May 2019 Galactic News
GCC2019 registration / Poster/Demo abstracts / sponsors, GTN CoFest, Platforms, Pubs, Jobs, Blog!, Training, Tools, Releases and more!
May 6th 2019
The May 2019 Galactic News is here! This is a summary of what is going on in the Galaxy community.
- 265 new publications, great resources lead to great insight.
- Some most excellent Galaxy Platform News, including a single cell 'omics workbench, network analysis, subcellular spatial organization modeling, and more!
- A new entry to The Galactic Blog, Galaxy hearts GCP.
- At least 11 Open positions in six countries on two continents.
- Updates to training materials.
- New releases.
- And some other news too.
If you have anything to add to next month's newsletter, then please send it to email@example.com.
GCC2019 will be held 1-6 July in Freiburg, Germany. The tenth GCC will have many familiar features from earlier years, including accepted and lightning talks, posters and demos, birds-of-a-feather gatherings (BoFs), training, and a CollaborationFest. GCC2019 brings the most significant conference program update in several years:
- some training will be integrated with the main conference,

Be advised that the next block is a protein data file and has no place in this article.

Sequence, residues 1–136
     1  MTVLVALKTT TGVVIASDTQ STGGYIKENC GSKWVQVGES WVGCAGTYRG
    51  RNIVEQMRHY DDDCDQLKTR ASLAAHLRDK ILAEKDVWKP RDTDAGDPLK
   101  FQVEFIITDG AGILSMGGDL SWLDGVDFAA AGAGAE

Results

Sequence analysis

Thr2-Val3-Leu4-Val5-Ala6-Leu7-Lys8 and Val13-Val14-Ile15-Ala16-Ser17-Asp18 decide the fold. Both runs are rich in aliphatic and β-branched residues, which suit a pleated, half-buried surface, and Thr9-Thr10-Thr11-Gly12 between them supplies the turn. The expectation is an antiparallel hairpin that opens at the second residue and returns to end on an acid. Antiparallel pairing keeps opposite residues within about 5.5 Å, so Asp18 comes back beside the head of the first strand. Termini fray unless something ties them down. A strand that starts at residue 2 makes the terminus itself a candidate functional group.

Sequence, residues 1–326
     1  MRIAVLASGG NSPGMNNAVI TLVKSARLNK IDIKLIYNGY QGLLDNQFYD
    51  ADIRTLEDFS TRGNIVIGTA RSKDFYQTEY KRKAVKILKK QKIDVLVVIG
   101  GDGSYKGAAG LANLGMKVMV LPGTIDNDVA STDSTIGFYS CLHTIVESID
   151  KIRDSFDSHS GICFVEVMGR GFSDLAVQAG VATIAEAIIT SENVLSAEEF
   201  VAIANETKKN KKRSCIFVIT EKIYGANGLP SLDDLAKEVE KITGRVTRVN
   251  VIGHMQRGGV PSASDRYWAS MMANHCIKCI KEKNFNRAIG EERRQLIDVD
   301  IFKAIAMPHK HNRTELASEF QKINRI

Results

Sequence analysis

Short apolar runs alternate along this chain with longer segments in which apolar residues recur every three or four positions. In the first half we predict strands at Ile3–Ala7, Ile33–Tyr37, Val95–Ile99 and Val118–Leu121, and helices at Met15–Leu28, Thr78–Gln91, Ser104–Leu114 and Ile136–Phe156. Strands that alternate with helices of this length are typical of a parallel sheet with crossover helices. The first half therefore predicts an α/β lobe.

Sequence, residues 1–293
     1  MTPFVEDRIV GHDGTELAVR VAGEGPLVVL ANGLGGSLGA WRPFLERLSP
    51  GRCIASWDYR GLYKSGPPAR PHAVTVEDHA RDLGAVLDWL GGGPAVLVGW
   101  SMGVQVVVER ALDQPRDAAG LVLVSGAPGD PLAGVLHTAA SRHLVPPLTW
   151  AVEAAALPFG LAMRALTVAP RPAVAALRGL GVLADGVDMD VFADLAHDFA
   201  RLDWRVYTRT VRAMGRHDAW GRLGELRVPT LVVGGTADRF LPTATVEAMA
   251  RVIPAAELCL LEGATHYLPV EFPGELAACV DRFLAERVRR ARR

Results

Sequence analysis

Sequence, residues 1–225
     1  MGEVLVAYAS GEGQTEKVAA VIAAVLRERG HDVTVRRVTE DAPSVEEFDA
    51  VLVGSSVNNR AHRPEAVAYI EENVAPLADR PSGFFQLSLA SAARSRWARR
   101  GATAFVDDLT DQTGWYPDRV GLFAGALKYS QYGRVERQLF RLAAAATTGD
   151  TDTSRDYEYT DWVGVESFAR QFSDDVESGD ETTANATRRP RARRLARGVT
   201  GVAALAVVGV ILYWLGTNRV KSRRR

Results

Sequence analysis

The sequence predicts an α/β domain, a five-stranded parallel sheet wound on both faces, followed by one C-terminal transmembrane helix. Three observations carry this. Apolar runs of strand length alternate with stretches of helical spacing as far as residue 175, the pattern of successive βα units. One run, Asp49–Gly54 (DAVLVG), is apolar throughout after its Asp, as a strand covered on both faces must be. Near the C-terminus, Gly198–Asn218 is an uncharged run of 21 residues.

- three days of conference instead of two,
- several parallel sessions,
- and a strong emphasis on organizing content by domain.
GCC2019, like every GCC before it, will be built around community. Training topics are nominated, selected, and presented by the community. Presentations will feature the full spectrum of Galaxy applications, enhancements and deployments from the community as well.
If you are working in data intensive life science research then there will not be a better place to share your work, learn from others, and find new collaborators.
Please find additional information on GCC2019 here.
The talk submission abstract deadline was last week, but poster and demo submissions remain open! Got something to show? Submit an abstract.
Travel fellowships to attend GCC2019 are available. If you are interested, apply by this Friday, 10 May.
We are delighted to have GigaScience as a returning sponsor:
GigaScience is an online open access, open data, open peer-review journal published by Oxford University Press and BGI. The journal offers ‘big data’ research from the life and biomedical sciences, and on top of 'Omics research includes the growing range of work that uses difficult-to-access large-scale data, such as imaging, neuroscience, ecology, systems biology, and other new types of shareable data. GigaScience is unique in the publishing industry as it publishes all research objects (data, software tools, source code, workflows, containers and other elements related to the work underpinning the findings in the article). Promoting Open Science, all published software needs to be under an OSI-license, all supporting data must be available and open, and all peer review is carried out transparently. Presenting workflows via our GigaGalaxy.net server, novel work presented at the meeting utilising Galaxy is eligible to a 15% APC if it is submitted to our Galaxy series.